“Familial DNA searches are a very powerful tool in modern law enforcement’s arsenal, but they have raised some ethical concern amongst certain civil rights observers,” said Association of Criminalists-DOJ President John Miller.  “As a result of those concerns, a special committee was formed to evaluate each and every request to use familial searches. There are many hoops that have to be jumped through before DOJ will allow the process to be utilized, including, but not limited to, making sure that all other viable avenues of inquiry have been exhausted by investigators. The Department of Justice is extraordinarily careful of how the DNA database is used, ensuring that it never becomes an unethical method of developing suspects.”

A familial DNA search was conducted in 2011, and again, no match was located.

The search was repeated in 2016 and yielded a match to the familial line and led detectives to identify the donor of the DNA recovered from both the crime scene and the victim’s body.  Kenneth Eugene Troyer was identified as the suspect who sexually assaulted and murdered Karen Klaas.

In January 1982, while serving a prison sentence for burglary at the California Men’s Colony State Prison in San Luis Obispo, Troyer escaped.   While on the run, he was identified as a suspect in other robberies, assaults and rapes in Orange County, leading to the formation of a task force comprised of several Orange County-based police agencies.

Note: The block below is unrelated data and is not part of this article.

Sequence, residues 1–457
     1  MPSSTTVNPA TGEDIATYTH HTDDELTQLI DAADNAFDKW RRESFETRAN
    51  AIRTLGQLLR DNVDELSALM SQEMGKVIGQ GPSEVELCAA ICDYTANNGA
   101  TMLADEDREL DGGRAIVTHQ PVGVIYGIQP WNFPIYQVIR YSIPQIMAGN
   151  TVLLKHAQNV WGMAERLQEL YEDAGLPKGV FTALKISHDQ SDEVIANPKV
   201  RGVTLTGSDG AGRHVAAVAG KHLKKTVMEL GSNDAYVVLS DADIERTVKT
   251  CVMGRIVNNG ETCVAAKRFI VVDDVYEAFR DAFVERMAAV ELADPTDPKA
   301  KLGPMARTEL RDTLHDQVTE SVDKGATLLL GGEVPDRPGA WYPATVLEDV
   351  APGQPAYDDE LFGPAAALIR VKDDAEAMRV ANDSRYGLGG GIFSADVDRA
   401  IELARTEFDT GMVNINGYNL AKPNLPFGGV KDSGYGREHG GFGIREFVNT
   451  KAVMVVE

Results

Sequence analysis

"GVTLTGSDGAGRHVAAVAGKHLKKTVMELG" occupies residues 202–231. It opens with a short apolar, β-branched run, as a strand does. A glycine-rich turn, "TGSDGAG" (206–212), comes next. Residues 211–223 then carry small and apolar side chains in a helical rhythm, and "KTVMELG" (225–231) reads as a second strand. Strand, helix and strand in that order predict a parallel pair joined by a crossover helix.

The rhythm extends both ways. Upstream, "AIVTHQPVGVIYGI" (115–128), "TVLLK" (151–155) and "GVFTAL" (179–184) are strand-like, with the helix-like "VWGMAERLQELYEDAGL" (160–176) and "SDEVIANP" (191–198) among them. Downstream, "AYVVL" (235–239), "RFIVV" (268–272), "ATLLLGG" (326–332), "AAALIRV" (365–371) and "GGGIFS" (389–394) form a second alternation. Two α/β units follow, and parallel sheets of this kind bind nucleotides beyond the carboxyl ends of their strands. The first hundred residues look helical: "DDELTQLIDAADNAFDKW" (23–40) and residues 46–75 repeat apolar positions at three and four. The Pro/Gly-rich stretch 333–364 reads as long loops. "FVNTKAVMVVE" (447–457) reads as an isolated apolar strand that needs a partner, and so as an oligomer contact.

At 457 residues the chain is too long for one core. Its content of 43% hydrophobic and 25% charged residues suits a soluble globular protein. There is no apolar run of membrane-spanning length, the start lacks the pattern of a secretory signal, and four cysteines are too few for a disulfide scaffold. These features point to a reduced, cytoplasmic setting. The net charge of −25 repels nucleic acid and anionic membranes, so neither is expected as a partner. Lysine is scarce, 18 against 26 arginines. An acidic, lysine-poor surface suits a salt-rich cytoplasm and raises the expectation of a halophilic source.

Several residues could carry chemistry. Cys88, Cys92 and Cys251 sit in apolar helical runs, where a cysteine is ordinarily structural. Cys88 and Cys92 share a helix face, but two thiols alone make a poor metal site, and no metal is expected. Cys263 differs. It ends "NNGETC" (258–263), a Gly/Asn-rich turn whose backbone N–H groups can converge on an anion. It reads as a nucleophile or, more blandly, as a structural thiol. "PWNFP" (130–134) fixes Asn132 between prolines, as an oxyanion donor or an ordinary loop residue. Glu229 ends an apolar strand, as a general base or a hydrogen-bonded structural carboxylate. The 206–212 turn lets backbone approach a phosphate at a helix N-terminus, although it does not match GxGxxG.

Troyer was shot and killed on March 14, 1982, by police during his apprehension.  Because his death occurred prior to the time the law requiring the DNA collection of certain criminal offenders was enacted, his DNA was never entered into the system.  The incarceration and DNA submission of a relative led detectives to uncover the long-awaited truth.

The use of the familial DNA search is the only reason Troyer was identified and underscores the significant benefit this revolutionary crime-fighting tool brings to modern law enforcement agencies, according to the Los Angeles Sheriff’s Department.  As a result, closure can finally come to Karen Klaas’ family and to an investigation which dogged generations of detectives for over four decades.

Sheriff Jim McDonnell at press conference


Sheriff McDonnell was joined by District Attorney Jackie Lacey, Los Angeles County District Attorney’s Office; Bill Medley of The Righteous Brothers singing duet fame; Bureau Chief and DNA Specialist Elissa Mayo, California Department of Justice Bureau of Forensic Services; and Captain Milton McKinnon, Hermosa Beach Police Department; all whose agencies played vital parts in the investigation and saw it through to conclusion.

“At the risk of sounding like a broken record, once again the DNA database has shown itself to be one of the most powerful tools in law enforcement’s arsenal,” said Miller.   “There are over 200 dedicated state criminalists working tirelessly to solve crimes for the people of California, using DNA analysis and other skills, despite that DOJ’s Bureau of Forensic Services is currently suffering a significant budget shortfall. And it behooves us to keep in mind that not only does the work that they do result in the apprehension of suspects in current cases, and the closure of old and cold cases, it also sets the innocent free.”


Related Story: California DOJ Criminalist’s role in identifying the Grim Sleeper suspect